Giacometti, Sculptures, Paintings, Drawings (exhibition catalogue), Whitworth Art Gallery, University of Manchester; City of Bristol Museum and Art Gallery; Serpentine Gallery, London, 1981, no. 23, illustration of another cast p. 52

James Lord, Alberto Giacometti : a Biography, New York, 1985, discussed pp. 355 and 485

Alberto Giacometti, Sculpturen, Gemälde, Zeichnungen, Graphik (exhibition catalogue), Staatliche Museen Preussischer Kulturbesitz, Berlin; Staatsgalerie Stuttgart, 1987-88, no. 182, illustration of another cast p. 274

Herbert & Mercedes Matter, Alberto Giacometti photographié par Herbert Matter, Paris, 1987, illustration of another cast pp. 118 and 120

Yves Bonnefoy, Alberto Giacometti, Biographie d'une oeuvre, Paris, 1991, no.  375, illustration of another cast p. 400

Alberto Giacometti, Sculptures, Peintures, Dessins, Musée d'Art Moderne, Fondation Basile et Elise Goulandris, Andros, 1992,  no. 73, illustration of another cast  p. 123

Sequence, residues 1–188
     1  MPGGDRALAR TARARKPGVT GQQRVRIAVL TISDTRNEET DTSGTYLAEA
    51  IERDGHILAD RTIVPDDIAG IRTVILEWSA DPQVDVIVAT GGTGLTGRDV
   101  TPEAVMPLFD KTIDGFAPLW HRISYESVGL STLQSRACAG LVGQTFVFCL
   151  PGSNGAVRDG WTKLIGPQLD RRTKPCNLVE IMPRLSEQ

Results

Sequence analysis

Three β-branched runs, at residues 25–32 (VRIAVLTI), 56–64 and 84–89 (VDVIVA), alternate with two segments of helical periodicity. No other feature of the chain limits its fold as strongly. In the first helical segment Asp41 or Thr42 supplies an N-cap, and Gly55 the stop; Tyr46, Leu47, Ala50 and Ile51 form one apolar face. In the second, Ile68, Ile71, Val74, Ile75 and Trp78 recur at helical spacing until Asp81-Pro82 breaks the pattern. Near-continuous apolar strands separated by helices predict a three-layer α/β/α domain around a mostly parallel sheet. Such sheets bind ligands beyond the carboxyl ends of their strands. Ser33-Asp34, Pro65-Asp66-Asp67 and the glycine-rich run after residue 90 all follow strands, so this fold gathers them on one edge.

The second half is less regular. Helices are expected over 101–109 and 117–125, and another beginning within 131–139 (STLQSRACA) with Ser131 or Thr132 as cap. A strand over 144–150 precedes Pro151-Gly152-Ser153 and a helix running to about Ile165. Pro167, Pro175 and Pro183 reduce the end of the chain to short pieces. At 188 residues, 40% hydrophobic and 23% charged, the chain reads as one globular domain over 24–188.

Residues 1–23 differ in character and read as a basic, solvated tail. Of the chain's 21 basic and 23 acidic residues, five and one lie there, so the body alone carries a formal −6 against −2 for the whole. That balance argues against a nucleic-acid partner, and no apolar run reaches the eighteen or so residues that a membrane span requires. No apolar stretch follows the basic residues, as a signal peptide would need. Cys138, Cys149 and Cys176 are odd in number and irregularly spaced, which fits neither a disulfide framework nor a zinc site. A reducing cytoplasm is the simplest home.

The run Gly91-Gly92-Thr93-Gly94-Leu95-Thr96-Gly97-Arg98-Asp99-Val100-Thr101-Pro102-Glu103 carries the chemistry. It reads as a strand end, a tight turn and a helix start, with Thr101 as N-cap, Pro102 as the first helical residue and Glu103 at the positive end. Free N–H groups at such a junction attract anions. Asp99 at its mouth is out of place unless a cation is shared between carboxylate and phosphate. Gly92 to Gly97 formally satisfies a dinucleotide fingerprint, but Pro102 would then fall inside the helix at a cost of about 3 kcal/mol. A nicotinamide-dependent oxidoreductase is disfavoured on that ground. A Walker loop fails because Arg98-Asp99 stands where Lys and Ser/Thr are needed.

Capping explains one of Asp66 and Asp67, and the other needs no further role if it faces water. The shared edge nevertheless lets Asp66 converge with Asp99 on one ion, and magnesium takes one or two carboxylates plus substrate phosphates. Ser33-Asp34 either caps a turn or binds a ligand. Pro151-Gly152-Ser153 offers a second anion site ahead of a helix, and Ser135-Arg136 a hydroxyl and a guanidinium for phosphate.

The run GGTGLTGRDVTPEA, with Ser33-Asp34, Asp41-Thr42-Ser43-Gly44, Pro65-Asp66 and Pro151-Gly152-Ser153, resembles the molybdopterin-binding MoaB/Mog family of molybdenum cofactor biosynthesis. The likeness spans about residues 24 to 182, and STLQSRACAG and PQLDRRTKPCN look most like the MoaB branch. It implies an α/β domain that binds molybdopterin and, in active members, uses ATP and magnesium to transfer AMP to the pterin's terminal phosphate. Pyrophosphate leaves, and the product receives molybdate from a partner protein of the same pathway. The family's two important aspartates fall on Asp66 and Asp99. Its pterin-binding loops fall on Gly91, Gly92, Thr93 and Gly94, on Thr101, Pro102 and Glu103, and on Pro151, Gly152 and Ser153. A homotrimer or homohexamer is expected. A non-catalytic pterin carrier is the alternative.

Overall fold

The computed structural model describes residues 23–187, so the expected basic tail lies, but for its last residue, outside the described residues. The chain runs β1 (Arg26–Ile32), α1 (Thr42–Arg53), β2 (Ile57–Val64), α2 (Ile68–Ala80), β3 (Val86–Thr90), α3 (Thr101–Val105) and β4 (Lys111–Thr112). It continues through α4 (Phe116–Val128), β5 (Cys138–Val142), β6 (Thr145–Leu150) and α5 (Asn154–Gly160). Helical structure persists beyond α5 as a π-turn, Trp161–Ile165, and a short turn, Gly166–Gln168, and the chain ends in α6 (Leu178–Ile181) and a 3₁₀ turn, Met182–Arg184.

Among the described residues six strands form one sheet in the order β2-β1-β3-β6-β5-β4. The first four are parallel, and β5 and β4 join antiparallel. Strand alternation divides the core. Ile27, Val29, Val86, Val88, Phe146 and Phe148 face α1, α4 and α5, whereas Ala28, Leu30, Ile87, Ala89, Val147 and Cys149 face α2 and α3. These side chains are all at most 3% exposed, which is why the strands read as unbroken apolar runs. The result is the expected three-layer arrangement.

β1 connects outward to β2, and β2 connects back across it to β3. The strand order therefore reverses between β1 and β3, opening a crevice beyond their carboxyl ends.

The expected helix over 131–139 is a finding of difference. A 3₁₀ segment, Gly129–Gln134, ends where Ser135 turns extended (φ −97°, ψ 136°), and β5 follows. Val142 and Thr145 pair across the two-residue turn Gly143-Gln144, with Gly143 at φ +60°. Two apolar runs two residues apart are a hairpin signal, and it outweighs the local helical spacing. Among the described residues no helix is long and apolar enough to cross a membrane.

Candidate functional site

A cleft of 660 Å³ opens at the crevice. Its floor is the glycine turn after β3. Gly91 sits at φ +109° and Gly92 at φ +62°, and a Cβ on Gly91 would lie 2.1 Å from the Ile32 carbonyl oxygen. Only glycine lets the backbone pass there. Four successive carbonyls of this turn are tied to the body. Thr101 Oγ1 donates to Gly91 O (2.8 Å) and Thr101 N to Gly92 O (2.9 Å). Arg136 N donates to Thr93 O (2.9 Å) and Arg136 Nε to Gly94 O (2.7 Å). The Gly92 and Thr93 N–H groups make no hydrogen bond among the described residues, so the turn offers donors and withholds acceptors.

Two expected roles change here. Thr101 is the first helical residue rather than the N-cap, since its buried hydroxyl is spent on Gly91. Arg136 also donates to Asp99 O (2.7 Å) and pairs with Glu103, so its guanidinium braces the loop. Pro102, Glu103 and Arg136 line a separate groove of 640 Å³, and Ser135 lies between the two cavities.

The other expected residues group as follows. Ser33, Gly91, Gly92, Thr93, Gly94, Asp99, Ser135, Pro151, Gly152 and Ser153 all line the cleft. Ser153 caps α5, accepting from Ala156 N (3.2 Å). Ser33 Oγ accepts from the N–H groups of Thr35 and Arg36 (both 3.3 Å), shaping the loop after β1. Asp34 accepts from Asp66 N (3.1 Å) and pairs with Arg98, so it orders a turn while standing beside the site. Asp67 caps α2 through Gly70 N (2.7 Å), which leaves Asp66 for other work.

Angela Schneider, Alberto Giacometti, Sculpture, Paintings, Drawings, New York, 1994, illustration of another cast pls.108-114

Thierry Dufrêne, Alberto Giacometti : Les Dimensions de la réalité, Geneva, 1994, discussed p. 168

Alberto Giacometti 1901-1966 (exhibition catalogue), Kunsthalle, Vienna, 1996, no. 218, illustration of another cast p. 78

David Sylvester, Looking at Giacometti, London & New York, 1997, discussed pp. 85 and 117

Jean Soldini, Alberto Giacometti: La Somiglianza intovabile, Milan, 1998, illustration of another cast p. 136

Christian Klemm, Alberto Giacometti (exhibition catalogue), Kunshaus, Zürich; The Museum of Modern Art, New York, 2001-02, no. 161, illustration of another cast p. 221